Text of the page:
Big cat discovery
The Canadian lynx
25 April 2013
The rediscovery of a mystery animal in a museum’s underground storeroom proves that a non-native ‘big cat’ prowled the countryside at the turn of the last century.
Max Blake a PhD student at the Institute of Biological, Environmental, and Rural Sciences (IBERS) at Aberystwyth University rediscovered the specimen among hundreds of thousands of specimens at Bristol Museum and Art Gallery.
Max was part of a multi-disciplinary team of scientists from Aberystwyth, Southampton, Bristol and Durham Universities who analysed the animal’s skeleton and mounted skin.
The specimen was found to be a Canadian lynx – a carnivorous predator more than twice the size of a domestic cat.
The research, published in the academic journal Historical Biology establishes the animal as the earliest example of an alien big cat at large in the UK countryside.
The research team say this provides further evidence for debunking a popular hypothesis that wild cats entered the UK countryside following the introduction of the 1976 Wild Animals Act. The Act was introduced to deal with an increasing fashion for exotic – and potentially dangerous – pets.
The academics believe such feral British big cats as they are known, may have lived in the wild much earlier, through escapes and even deliberate release. There is no evidence that such animals have been able to breed in the wild.
The study of the Canadian lynx, details records unearthed at the museum which showed the animal had originally been mislabelled by Edwardian curators in 1903 as a Eurasian lynx – a close relative of the Canadian lynx.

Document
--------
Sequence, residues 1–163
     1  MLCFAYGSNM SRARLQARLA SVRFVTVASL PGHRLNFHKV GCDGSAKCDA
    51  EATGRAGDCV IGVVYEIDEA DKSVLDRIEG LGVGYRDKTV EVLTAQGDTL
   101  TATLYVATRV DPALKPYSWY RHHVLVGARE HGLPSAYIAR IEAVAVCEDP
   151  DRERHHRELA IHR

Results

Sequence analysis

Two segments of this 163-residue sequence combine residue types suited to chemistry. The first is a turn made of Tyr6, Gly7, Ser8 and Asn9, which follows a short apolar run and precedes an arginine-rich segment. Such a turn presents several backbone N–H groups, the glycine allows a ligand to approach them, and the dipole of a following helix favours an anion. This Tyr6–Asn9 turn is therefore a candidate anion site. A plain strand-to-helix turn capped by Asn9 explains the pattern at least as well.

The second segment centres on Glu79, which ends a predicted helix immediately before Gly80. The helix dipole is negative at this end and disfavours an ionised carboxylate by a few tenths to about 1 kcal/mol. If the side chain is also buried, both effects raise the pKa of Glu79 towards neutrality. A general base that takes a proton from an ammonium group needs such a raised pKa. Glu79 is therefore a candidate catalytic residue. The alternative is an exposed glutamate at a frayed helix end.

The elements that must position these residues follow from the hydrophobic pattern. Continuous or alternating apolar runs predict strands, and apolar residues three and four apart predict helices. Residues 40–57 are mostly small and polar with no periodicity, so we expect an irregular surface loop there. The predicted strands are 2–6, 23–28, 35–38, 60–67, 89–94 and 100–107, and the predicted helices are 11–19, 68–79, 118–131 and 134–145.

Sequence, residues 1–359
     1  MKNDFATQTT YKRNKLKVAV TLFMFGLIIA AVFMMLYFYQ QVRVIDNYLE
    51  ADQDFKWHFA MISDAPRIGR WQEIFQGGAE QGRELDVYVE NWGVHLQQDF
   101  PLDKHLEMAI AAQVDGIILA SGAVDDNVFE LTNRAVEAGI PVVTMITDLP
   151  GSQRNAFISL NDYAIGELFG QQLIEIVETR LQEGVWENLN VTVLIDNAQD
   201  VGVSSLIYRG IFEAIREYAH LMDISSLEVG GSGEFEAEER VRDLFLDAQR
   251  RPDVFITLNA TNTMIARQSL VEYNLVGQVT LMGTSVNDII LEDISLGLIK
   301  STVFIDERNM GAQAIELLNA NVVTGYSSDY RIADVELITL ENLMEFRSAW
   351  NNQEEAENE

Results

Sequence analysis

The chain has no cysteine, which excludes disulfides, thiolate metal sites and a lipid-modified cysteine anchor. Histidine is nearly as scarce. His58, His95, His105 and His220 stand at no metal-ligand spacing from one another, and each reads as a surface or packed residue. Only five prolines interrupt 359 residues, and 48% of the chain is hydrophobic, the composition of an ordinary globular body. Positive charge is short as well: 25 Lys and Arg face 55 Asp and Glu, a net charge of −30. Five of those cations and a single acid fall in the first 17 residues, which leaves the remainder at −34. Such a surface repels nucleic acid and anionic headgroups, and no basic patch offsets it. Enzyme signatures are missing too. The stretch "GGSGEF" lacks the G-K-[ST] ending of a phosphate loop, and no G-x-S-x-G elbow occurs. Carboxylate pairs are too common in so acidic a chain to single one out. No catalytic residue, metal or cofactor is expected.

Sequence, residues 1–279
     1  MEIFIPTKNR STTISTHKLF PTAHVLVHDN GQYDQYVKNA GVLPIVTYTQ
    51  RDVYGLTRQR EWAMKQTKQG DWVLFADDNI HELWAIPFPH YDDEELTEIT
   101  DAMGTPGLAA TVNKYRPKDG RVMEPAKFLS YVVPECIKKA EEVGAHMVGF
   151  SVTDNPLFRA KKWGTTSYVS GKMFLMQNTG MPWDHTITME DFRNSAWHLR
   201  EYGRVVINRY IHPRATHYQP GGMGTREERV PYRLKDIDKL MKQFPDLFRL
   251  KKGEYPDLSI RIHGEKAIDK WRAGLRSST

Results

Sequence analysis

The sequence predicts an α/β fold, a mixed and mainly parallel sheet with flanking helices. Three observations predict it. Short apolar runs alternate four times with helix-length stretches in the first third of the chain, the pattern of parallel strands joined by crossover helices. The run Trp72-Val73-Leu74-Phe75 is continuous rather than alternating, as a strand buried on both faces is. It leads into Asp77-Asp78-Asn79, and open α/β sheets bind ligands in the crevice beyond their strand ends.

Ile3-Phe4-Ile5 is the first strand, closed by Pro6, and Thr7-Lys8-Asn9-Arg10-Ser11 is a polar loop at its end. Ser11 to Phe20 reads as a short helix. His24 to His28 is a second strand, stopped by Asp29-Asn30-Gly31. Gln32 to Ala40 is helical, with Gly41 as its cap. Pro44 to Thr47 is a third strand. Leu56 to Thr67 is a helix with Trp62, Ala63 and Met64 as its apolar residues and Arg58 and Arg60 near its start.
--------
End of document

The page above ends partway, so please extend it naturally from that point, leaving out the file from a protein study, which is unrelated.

The records also showed that the lynx was shot by a landowner in the Devon countryside in the early 1900s, after it killed two dogs.
Max Blake, IBERS scientist explains, "Though there are other specimens of exotic cats which have been found in various places in the UK , this lynx is the only one to significantly pre-date the 1976 Dangerous Wild Animals Act.
“Papers and press releases are published regularly describing the discovery of an undescribed species in a museum storeroom, but here it just so happens that this discovery of a previously unrecognised specimen has a significant impact on a fascinating British 'mystery."
The researchers point out in their paper that Eurasian lynxes existed in the wild in the UK many hundreds of years ago, but had almost certainly become extinct by the 7th century. Laboratory analysis of the Bristol specimen’s bones and teeth established it had been kept in captivity long enough to develop severe tooth loss and plaque before it either escaped or was deliberately released into the wild.
Ancient DNA analysis of hair from the lynx proved inconclusive, possibly due to chemicals applied to the pelt during taxidermy.
Julie Finch, head of Bristol’s Museums, Galleries & Archives, said: "Bristol Museum, Galleries and Archives were pleased to be a part of this ground-breaking research, which not only highlights the importance of our science collections, it establishes the pedigree of our 100-year old Lynx and adds to our knowledge and understanding of big cats in the UK.“
The lynx is now on public display at the museum.